"As kingfishers catch fire, dragonflies draw flame; / [ . . . ] Each mortal thing does one thing and the same: / Deals out that being indoors each one dwells; / Selves -- goes itself; 'myself' it speaks and spells, / Crying 'What I do is me; for that I came'." --Gerard Manley Hopkins

19 July 2007

True Art

More from John Gardner's On Moral Fiction:

"True art is a conduit between body and soul, between feeling unabstracted and abstraction unfelt."


St. Kevin & the Blackbird said...

Beth: I like the blend that art strives for here; it puts me in mind of the need for roots. Belonging and reflection are not like water and oil, but weave together the very fabric of human experience, each inseparable from the other. The human spirit makes its advances by reckoning with both. The Incarnation teaches us that we are to embrace goodness not as a mere abstraction, above and beyond our particular attachments, but as part of our own. We love the good by loving our own. But if our connection to the good is rooted our particular way of life, then how can we remain connected to it when we are alienated, as we sometimes are and should be, from our particular world? No easy answers to this question. To trivialize the need for roots is to forget that building a future requires thinking within a given way of life. To exaggerate the need for roots, patriotism in overdrive, is to blind oneself to the internal contradictions of feeling and its failed aspirations, none of which are recognizable without some measure of abstraction and critical reflection on our very way of life.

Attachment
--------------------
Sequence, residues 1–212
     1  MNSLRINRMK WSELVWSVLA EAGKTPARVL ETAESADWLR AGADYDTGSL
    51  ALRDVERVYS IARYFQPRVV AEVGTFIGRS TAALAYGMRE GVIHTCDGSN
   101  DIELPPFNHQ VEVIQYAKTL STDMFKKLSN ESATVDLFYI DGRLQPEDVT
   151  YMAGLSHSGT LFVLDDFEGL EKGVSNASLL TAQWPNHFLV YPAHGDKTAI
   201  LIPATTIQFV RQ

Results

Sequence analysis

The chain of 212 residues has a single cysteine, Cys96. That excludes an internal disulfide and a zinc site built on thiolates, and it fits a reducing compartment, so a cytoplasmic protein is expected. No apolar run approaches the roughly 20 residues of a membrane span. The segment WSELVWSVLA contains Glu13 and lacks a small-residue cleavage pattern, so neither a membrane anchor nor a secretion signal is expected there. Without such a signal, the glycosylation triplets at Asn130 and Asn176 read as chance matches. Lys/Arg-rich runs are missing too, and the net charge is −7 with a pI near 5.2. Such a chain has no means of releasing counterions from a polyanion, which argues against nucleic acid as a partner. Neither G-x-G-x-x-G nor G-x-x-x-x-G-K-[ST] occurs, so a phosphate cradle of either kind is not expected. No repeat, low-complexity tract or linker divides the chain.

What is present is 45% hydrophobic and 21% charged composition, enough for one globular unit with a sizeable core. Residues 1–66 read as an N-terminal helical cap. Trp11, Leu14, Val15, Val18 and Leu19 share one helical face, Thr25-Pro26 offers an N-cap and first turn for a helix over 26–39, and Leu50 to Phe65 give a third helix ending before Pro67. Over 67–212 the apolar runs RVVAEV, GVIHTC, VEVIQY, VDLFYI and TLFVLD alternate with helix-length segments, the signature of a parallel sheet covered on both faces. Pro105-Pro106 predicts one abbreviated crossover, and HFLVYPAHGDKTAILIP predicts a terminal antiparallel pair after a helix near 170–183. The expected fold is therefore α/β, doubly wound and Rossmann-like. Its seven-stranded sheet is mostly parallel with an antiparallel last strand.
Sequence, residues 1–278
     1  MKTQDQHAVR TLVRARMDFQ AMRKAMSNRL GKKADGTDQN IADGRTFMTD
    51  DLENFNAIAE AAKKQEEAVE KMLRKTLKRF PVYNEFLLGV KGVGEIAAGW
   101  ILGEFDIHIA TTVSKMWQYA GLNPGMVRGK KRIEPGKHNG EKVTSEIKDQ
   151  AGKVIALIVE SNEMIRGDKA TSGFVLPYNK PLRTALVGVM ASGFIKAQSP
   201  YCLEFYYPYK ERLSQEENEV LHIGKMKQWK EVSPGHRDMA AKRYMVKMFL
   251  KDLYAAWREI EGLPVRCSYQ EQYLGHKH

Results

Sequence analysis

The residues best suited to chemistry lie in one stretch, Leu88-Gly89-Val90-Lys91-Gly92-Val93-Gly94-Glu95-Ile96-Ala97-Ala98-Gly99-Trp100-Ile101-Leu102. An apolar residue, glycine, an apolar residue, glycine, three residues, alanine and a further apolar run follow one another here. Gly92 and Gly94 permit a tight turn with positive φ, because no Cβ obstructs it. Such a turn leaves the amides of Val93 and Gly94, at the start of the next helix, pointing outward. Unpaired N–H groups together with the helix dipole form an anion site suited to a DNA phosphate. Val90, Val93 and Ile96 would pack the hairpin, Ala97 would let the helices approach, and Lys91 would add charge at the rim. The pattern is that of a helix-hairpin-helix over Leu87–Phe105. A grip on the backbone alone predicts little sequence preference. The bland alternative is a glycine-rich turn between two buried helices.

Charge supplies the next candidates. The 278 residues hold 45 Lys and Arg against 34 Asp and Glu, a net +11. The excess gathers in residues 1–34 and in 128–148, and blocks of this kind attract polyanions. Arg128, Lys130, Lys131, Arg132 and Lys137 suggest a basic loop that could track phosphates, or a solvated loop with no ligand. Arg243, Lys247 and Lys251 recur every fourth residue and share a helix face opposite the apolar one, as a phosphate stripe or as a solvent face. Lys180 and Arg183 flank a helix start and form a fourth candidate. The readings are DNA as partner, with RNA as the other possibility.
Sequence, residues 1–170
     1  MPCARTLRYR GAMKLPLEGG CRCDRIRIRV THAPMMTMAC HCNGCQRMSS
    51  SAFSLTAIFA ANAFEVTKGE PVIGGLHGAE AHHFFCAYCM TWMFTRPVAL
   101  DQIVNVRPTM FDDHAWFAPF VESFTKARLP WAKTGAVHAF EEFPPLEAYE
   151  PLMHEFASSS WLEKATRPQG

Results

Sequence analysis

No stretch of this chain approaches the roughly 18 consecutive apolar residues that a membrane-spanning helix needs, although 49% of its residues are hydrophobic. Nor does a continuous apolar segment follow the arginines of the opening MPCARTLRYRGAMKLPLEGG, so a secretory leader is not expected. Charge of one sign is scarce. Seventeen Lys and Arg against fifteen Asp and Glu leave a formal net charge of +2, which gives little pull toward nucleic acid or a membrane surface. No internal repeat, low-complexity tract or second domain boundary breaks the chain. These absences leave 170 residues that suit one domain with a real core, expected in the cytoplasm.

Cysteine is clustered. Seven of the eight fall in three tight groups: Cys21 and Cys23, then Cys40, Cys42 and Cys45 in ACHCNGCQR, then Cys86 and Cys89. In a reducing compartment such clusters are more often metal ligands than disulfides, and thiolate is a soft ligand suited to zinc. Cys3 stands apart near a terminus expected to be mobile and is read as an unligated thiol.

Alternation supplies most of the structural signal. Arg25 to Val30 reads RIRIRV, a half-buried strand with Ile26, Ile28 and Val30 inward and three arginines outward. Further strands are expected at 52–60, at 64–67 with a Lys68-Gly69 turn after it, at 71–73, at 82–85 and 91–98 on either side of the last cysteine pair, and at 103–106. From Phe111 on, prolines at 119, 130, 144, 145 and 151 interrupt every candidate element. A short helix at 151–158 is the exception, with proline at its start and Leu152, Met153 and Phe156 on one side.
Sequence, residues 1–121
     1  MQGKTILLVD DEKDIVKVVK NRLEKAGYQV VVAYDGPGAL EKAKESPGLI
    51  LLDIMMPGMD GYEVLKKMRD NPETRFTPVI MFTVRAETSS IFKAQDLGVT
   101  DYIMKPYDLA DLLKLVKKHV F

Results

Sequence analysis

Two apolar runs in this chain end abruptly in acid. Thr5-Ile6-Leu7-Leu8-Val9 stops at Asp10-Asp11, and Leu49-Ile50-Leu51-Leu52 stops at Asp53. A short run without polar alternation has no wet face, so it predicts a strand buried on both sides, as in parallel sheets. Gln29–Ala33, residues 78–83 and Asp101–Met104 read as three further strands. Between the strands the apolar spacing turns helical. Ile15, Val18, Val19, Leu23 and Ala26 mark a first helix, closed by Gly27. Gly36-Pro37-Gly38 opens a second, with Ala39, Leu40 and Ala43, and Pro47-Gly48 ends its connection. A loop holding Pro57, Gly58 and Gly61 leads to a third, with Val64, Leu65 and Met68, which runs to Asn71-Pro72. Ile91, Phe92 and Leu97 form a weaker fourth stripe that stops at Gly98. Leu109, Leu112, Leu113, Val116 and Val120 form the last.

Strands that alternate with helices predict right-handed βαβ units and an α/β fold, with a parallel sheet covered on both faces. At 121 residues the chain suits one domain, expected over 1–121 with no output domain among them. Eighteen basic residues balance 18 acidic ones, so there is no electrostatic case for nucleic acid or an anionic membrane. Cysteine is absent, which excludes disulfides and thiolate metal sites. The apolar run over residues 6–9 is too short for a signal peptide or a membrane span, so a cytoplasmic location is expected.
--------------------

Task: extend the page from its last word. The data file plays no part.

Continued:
Sorry if this sounds too philosophical - these themes are very much top of mind in my thinking these days.

alaiyo said...

Thanks for your comments, Robin; very thought-provoking.